The Silver Lining in an Achilles Injury

Published on 16-Apr-2013 by Colin Chiles
Basketball - NBA / NBA Daily Review

This is not a good thing.

By now ESPN has no doubt pounded into your brain that Kobe Bryant has torn an achilles and will be out a reported 6-9 months.

It's been an amazing run for the Black Mamba at playing through injuries, and even Kobe haters have to acknowledge his toughness to play while hurt. However, this is one injury even Kobe cannot play though.

And don't expect him coming back in a third of the expected time like Metta World Peace did after his recent knee surgery, prompting the hilarious phrase trending on twitter “World Peace Returns

However, don't light yourselves on fire just yet, Lakers fans, because this injury may have been the best thing to happen to your franchise all season, and it may have cemented your future for the better.

This offseason is a very big one for the future of the Lakers. Dwight Howard can choose to stay in L.A. and sign a long-term deal or he can split town to sign with his hometown Hawks, the lurking Mavericks, or any other team with enough cap room.

It's been a rocky road for the Lakers this season. There has been tension among the players. There has been tension between Mike D'Antoni and just about everyone. And there has been losing. Oh, the losing! It was out of control in the first half of the season, though it;s worth mentioning that they seem to have righted the ship; since their loss on 23 January, the Lakers have been a much-improved 21-12.

Now, it's nearly impossible to tell what's going on in the mind of Dwight, so I'm not even going to attempt a guess. But here are a few things we do know for sure:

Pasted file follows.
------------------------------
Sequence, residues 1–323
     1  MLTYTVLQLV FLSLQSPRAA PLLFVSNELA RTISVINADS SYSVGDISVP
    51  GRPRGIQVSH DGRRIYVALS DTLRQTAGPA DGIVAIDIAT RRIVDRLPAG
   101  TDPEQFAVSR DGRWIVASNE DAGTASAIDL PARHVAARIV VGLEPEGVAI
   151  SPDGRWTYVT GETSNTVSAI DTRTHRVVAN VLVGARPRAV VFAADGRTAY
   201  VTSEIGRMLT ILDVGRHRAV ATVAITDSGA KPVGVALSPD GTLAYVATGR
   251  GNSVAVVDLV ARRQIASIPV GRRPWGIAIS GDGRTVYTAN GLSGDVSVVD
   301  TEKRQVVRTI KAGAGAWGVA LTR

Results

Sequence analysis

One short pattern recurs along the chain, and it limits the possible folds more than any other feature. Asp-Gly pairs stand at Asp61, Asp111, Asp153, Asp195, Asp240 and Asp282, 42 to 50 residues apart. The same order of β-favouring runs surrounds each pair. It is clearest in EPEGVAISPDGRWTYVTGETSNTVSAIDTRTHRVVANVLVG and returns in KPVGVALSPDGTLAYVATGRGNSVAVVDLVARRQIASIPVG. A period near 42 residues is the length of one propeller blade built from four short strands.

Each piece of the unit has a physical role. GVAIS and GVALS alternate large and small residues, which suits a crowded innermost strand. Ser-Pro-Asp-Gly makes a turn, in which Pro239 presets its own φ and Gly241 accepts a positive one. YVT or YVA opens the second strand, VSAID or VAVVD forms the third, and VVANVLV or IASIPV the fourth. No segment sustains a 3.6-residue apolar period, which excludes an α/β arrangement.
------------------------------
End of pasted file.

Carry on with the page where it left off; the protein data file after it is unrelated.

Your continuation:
• Dwight definitely butted heads with Kobe  towards the beginning of the season as they struggled to find an identity and struggled to earn one another's respect.
  • Dwight is now without question the best player on the team, and if they can clinch the playoffs over the next few days, he will get a taste of what it's like to be L.A.'s Number One.
  • Kobe has an injury that is notorious for hindering jump shots, post-recovery, and will more than likely shorten his career, and even he has questioned, albeit in a knee-jerk type of way, the logistics of his comeback. If Kobe does come back next year, the 6-9 months timeline puts his return somewhere between October and January, and considering his age and general wear on his body, it's probably closer to January, if not longer.

It's my prediction that Kobe will return around March to get ready for next year's playoffs, giving him yet another chance to be like Mike. And after that, I believe he'll retire, ending things on his own terms. Even if he attempts to play another full season after recovery, Kobe's days are certainly numbered. Where he may have had 2-3 more productive years in the league, he is now looking at somewhere between retirement and two years left, max.

That means that the key to the Lakers multi-million dollar Porsche of a franchise will be handed over to Superman himself, Dwight Howard. Even if Kobe comes back late next year, by then it will be Dwight's team.

And by the way, it's for the better.

I'm not challenging the greatness of Kobe and I'm not saying they are a better team without him, but I will say that it's better to lose Kobe than Dwight. With Bynum out this year, Dwight is unquestionably the best center in the league, and I believe these numbers speak for themselves:

  PPG FG Pct RPG FGA
Kobe Bryant in Laker Losses 29.9   45%  4.8 22.7
Kobe Bryant in Laker Wins 25.1   47%  6.2 18.5
         
Dwight Howard in Laker Losses 14.4   54%  11.8   9.2
Dwight Howard in Laker Wins 19.3   60%  12.8 11.8

 

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